Turkey, where Saudi writer died, has culture of surveillance

FILE - In this Oct. 16, 2018, file photo, a security personnel is seen inside the entrance of the Saudi Arabia's Consulate in Istanbul. One mystery surrounding the killing of Saudi journalist Jamal Khashoggi in the Saudi Consulate is the purported existence of audio recordings of his death. The reports add to tales of intrigue and surveillance in Turkey, a country where wiretapping scandals have erupted before and whose government closely monitors the internet, banning websites and targeting critics deemed to be a threat to national security. (AP Photo/Petros Giannakouris, File)
In this image taken from CCTV video that emerged Monday Oct. 22, 2018, purportedly showing Saudi writer Jamal Khashoggi and his fiancee, Hatice Cengiz, at an apartment building in Istanbul, Turkey, just hours before his death in the Saudi Arabian Consulate. The video was broadcast by the pro-Turkish government Turkish television channel A News, and was said to be obtained via Turkey's security sources. (A News via AP) MANDATORY CREDIT - DO NOT OBSCURE LOGO

ISTANBUL — One mystery surrounding the killing of Saudi journalist Jamal Khashoggi in the Saudi Consulate in Istanbul is the existence of purported audio recordings of his death. The recordings, reported to include voices of Saudi officials who were present as well as confirmation of a grisly scheme to dispose of the dismembered body, were reported in pro-government newspapers in Turkey but have not been officially confirmed.

Saudi Arabia says Khashoggi was killed by accident in a "fistfight" with rogue officials, although international suspicions that the killing was ordered with the knowledge of Crown Prince Mohammed bin Salam are mounting.

Whether or not the recordings exist, or would ever be released if they do, the reports add to tales of intrigue and surveillance in Turkey, a country where wiretapping scandals have erupted from time to time and whose government closely monitors the internet, banning websites and targeting critics deemed a threat to national security.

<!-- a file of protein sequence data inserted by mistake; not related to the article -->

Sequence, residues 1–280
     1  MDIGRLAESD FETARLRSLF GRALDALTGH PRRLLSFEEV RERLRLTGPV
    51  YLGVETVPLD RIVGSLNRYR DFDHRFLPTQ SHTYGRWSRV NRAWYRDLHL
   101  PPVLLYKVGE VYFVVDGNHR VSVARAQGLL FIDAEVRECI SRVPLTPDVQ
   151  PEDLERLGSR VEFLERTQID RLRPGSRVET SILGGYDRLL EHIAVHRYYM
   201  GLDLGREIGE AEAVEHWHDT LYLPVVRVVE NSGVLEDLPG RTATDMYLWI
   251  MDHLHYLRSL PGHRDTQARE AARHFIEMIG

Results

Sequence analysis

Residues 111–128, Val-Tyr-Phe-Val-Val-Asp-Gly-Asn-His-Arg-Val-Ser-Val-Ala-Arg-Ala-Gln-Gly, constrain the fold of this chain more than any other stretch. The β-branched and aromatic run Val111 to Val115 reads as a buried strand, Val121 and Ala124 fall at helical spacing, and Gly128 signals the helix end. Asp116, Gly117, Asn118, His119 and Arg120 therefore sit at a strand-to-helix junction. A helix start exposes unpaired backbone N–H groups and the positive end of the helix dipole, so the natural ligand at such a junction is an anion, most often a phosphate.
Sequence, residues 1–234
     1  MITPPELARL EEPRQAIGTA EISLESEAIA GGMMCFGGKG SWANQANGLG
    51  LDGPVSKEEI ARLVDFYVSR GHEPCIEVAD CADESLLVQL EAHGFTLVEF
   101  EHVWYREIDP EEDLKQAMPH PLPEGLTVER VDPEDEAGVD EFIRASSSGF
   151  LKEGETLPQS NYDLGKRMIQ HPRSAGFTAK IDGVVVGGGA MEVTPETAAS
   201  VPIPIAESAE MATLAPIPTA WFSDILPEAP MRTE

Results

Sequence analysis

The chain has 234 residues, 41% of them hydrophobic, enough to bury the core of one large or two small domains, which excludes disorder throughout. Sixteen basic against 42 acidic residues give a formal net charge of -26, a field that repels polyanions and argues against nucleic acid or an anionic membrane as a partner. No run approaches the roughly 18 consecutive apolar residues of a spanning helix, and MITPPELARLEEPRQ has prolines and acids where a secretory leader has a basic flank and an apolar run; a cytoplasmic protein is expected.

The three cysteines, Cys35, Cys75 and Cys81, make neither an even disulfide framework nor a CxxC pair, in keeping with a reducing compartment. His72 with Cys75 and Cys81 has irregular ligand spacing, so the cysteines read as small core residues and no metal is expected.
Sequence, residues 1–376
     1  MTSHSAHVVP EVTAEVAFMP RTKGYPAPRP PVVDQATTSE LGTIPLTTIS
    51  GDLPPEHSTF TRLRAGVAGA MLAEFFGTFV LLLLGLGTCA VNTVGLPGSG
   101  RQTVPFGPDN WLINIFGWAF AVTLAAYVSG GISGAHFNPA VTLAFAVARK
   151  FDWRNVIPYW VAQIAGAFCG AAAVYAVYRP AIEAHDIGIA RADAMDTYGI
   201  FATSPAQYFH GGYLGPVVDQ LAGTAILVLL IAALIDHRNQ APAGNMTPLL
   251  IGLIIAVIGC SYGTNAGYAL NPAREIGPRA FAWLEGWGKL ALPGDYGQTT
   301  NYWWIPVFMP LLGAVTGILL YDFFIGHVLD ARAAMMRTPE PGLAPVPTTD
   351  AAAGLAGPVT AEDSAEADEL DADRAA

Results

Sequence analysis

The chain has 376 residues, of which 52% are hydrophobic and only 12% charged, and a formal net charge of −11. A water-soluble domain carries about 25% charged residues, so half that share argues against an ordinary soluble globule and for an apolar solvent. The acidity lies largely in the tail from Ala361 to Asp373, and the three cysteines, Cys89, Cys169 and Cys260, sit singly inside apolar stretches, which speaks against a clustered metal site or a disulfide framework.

Here are prominent examples from the rich history of spying in Turkey, a key geopolitical player because of its strategic location, and the scene of many high-stakes showdowns among internal factions vying for power:

— Since an attempted coup in 2016, Turkish authorities have taken more robust steps to monitor digital and other communications. As part of a crackdown on suspected coup plotters, security forces rounded up many people accused of using ByLock, an encrypted mobile messaging application. ByLock was allegedly used by the network of U.S.-based cleric Fethullah Gulen, who denies Turkish allegations that he was behind the coup attempt. Some Western governments and human rights activists said the crackdown went too far, rounding up opponents of the government who had done nothing wrong or even people with no strong political affiliation.

— In 2014, a recording of then-Foreign Minister Ahmet Davutoglu and top security officials talking about possible military action in Syria during the civil war there was leaked on YouTube, in what appeared to be an attempt to undermine the government ahead of key local elections. Suspicion fell on Gulen supporters alleged to hold key positions in the police, judiciary and other state institutions.

— In 2013, alleged recordings of phone conversations involving Recep Tayyip Erdogan, who was then prime minister and has since become president, as well as Cabinet ministers and top officials were posted on the internet amid an investigation of alleged government corruption. Erodgan denounced the recordings as fabrications aimed at discrediting him and said they were part of a "coup attempt" by people loyal to Gulen, who was once allied with the prime minister but later became a critic.

— In 2011, 10 opposition politicians in Turkey quit after the release of grainy, black-and-white videos appearing to show senior members of the Nationalist Action Party, a hard-line nationalist group, in liaisons with women who were not their wives. The smear campaign came just ahead of elections won by Erdogan's ruling Justice and Development Party. Suspicions of who was behind it ranged from disgruntled opposition party insiders, to supporters of the government, to an alleged gang of coup plotters with shadowy links to state agencies.

— In 2010, Deniz Baykal, the longtime leader of Turkey's main opposition party, was forced to resign after the release of a video purportedly showing him in a hotel bedroom with a woman who was also a member of the Republican People's Party. Both were married at the time. Baykal later said he was targeted in a conspiracy, although who exactly obtained the alleged sex video was never publicly clarified. Some political commentators argued that the party benefited from Baykal's exit because it cleared the way for fresh leadership.

— In 2007, Turkey passed a law to regulate the internet, setting the stage for the banning of thousands of websites and periodic blocking of access to Twitter, YouTube and other sites. Social media came under increasing government scrutiny in 2013 after demonstrators used it to organize the Gezi Park protests that turned into a flashpoint for anti-government anger.

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